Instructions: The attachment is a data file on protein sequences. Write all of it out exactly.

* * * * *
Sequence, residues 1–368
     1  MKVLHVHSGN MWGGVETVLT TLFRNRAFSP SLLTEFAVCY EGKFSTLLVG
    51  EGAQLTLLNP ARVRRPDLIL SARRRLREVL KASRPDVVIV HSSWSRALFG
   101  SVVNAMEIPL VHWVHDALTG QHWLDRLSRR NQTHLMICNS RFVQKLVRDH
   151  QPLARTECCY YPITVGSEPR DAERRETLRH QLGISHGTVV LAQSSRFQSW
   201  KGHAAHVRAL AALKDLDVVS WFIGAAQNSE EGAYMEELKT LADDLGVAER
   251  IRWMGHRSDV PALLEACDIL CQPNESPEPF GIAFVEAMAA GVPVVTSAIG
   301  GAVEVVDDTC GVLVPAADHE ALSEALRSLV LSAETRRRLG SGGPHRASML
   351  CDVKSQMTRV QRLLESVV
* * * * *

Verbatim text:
Sequence, residues 1–368
     1  MKVLHVHSGN MWGGVETVLT TLFRNRAFSP SLLTEFAVCY EGKFSTLLVG
    51  EGAQLTLLNP ARVRRPDLIL SARRRLREVL KASRPDVVIV HSSWSRALFG
   101  SVVNAMEIPL VHWVHDALTG QHWLDRLSRR NQTHLMICNS RFVQKLVRDH
   151  QPLARTECCY YPITVGSEPR DAERRETLRH QLGISHGTVV LAQSSRFQSW
   201  KGHAAHVRAL AALKDLDVVS WFIGAAQNSE EGAYMEELKT LADDLGVAER
   251  IRWMGHRSDV PALLEACDIL CQPNESPEPF GIAFVEAMAA GVPVVTSAIG
   301  GAVEVVDDTC GVLVPAADHE ALSEALRSLV LSAETRRRLG SGGPHRASML
   351  CDVKSQMTRV QRLLESVV